A provision of the Patient Protection and Affordable Care Act (PPACA aka Obamacare or the Affordable Care Act ACA) affects certain sponsors that offer health and welfare plans and must be addressed by July 31, 2013. The purpose of this blog is to explain this provision and bring it to the attention of those plans which it impacts.
What is PCORI and why should it affect an employer?
PPACA created the Patient-Centered Outcomes Research Institute (PCORI), a private, nonprofit corporation, to conduct research and evaluate health outcomes, clinical effectiveness, risks and benefits of medical treatments. (You can learn about PCORI’s activities at http://www.pcori.org/). PPACA requires that PCORI is to be partially funded by a fee collected from health plan providers.
For Fully Insured Plans
The fee will be paid by the health insurance issuer; one would assume that the fee will be passed on to the employers who purchase insurance. However, self-insured plans (which include plans where benefits are paid from general assets of the plan sponsor), the plan sponsor (employer) will be responsible for the fee. The PCORI fee generally will apply to major medical benefits, while many other benefits (including but not limited to dental plans, vision plans and health flexible spending arrangements) are usually excluded.
For Self-Insured Plans
The payment of the PCORI fee will be calculated on IRS Form 720, to be filed by the plan sponsor. The fee applies to plan years ending after Oct. 1, 2012, and is due July 31, 2013. The amount of the PCORI fee applicable for plan years ending after Oct. 1, 2012, and before Oct. 1, 2013, is $1 for each “covered person” (the fee will be increased to $2 the following year, and will continue at an unstated level through 2018). For this purpose, a “covered person” is a term that includes employees, spouses and dependents that are covered under the plan.
The average number of covered persons is determined annually, after the end of the plan year, under one of three methods provided in the regulations. The three allowed methods are:
- The Actual Count method;
- The Snapshot method;
- The Form 5500 (Annual Return/Report of Employee Benefit Plan) method.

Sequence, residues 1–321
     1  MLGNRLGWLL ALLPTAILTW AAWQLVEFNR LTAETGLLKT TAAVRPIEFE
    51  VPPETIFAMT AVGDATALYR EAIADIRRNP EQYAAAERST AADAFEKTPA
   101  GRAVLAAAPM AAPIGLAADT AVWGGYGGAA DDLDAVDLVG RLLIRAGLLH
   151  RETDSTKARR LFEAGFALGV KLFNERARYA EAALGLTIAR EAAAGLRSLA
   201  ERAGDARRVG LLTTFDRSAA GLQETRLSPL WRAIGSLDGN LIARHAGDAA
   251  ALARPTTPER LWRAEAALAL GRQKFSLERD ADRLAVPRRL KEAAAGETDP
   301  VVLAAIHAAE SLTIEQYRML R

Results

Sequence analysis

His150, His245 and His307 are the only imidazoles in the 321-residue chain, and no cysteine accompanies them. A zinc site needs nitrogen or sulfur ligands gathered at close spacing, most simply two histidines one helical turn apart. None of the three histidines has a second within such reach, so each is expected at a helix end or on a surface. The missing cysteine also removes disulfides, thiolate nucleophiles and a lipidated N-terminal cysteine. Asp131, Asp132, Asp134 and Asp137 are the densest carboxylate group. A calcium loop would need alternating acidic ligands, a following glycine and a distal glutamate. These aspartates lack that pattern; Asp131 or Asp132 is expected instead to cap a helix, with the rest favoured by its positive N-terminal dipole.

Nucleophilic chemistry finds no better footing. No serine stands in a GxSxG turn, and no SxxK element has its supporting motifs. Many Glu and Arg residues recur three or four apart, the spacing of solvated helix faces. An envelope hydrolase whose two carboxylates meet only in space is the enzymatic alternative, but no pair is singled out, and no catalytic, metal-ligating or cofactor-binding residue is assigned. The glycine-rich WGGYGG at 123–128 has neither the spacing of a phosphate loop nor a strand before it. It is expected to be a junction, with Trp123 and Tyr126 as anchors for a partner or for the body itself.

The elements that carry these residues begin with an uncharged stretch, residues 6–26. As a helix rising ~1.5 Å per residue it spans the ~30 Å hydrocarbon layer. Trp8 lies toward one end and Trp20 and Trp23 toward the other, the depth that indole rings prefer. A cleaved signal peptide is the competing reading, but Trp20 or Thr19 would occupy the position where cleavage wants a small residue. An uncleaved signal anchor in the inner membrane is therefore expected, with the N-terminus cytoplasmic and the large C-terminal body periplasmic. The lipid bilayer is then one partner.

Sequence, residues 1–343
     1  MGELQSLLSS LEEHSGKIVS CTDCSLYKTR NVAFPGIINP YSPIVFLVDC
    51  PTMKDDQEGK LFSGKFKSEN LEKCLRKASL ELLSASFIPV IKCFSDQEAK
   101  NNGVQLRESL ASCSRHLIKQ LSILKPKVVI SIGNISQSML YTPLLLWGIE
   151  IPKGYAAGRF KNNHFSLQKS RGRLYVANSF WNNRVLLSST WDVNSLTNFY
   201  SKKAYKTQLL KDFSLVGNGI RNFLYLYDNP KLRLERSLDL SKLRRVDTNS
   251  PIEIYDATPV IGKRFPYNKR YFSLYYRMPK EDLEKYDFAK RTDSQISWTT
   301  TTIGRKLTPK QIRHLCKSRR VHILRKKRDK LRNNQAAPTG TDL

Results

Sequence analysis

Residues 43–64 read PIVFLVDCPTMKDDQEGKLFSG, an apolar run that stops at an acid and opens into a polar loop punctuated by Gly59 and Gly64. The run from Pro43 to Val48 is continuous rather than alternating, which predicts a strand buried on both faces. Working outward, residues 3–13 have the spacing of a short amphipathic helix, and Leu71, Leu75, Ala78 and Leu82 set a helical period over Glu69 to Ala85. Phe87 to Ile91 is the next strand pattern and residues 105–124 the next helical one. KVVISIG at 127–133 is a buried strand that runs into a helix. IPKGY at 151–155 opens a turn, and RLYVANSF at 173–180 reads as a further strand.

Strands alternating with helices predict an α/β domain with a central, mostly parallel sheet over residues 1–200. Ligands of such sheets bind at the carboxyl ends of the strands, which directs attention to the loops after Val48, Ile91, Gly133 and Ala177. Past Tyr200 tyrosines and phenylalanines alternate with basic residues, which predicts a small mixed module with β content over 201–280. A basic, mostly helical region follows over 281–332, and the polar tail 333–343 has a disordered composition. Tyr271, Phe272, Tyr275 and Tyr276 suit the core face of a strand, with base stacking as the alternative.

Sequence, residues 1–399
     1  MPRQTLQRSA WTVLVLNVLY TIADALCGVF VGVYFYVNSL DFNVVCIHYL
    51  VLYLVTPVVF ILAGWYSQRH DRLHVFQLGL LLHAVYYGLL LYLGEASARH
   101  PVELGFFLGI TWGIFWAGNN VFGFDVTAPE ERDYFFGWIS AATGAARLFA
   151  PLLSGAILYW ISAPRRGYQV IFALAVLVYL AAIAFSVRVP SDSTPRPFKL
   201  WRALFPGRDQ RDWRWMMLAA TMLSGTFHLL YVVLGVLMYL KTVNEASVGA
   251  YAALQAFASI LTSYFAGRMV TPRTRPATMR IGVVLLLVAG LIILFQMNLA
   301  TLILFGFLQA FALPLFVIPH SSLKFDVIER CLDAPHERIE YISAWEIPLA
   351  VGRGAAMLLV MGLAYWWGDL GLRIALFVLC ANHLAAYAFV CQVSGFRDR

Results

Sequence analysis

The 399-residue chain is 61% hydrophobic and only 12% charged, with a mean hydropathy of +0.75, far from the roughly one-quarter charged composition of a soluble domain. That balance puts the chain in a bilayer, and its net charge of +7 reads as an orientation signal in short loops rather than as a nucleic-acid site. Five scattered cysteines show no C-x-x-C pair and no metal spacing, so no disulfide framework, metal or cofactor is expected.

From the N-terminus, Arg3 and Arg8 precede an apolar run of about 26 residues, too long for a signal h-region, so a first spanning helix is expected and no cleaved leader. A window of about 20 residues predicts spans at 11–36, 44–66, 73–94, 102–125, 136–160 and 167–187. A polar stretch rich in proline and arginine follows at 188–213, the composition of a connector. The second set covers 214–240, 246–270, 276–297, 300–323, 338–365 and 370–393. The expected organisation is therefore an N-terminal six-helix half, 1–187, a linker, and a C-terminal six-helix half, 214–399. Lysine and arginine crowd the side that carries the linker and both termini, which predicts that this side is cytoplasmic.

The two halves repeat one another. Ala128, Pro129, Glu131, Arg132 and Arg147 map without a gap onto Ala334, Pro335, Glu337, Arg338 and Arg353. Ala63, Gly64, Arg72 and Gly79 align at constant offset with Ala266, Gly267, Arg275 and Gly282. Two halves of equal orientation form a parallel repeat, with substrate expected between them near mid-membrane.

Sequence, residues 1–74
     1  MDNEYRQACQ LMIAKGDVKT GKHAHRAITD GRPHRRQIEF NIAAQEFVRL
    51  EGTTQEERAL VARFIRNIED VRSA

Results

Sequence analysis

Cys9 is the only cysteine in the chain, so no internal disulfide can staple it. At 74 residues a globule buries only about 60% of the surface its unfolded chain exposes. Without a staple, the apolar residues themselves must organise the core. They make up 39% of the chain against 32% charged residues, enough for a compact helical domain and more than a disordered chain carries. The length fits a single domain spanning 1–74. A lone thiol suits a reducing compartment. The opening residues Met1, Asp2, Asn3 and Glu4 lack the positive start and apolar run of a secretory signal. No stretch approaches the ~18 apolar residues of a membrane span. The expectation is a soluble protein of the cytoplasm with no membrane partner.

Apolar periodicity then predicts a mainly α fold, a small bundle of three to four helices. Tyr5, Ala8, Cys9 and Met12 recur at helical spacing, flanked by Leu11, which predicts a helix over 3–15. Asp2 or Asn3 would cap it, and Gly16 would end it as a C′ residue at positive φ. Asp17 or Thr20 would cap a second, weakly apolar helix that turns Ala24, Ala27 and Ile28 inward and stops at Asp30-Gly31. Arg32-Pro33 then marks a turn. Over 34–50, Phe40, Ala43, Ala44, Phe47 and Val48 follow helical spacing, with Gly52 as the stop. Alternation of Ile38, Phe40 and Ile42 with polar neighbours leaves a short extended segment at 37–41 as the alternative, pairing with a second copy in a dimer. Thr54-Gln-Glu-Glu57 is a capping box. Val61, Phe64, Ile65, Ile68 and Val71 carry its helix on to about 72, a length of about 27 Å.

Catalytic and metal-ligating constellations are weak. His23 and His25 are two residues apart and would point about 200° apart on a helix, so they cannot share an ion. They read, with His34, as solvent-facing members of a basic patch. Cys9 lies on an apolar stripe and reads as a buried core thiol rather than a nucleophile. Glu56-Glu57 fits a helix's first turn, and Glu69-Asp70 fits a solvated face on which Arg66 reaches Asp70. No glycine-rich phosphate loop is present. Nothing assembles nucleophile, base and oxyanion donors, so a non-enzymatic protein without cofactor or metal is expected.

The number of ‘covered participants’ could vary widely depending on which methodology is used. Plan sponsors are well advised to analyze the three different methods to see which method produces the most favorable result.
What Should a Plan Sponsor Do About the PCORI Fee?
The plan sponsor of a self-insured plan should determine if the welfare program’s third party administrator will be preparing the IRS Form 720 for this fee. If so, the employer should discuss with the third party administrator what methodology is being used to create the count of “covered persons,” and to determine if there is a more efficient method to be used in the calculation. If the third party administrator is not preparing the IRS Form 720, the plan sponsor should obtain plan participant data from the third party administrator so that it can evaluate which methodology to use for determining the fee. Obviously, the plan sponsor will also need to make sure that the IRS Form 720 is filed and the fee is paid by July 31, 2013.
The plan sponsor of a fully-insured plan should review any correspondence sent to it by the insurer which relates to the PCORI fee that is assessed by the insurer, and if the fee seems excessive, should ask the insurer how the fee was calculated.
We would be pleased to assist you in determining the proper amount of the PCORI fee, as well as other strategies which can help you minimize the impact of PPACA. For more information on this topic, post a comment below or contact our Compensation & Benefits Advisory Services Group at 440-449-6800.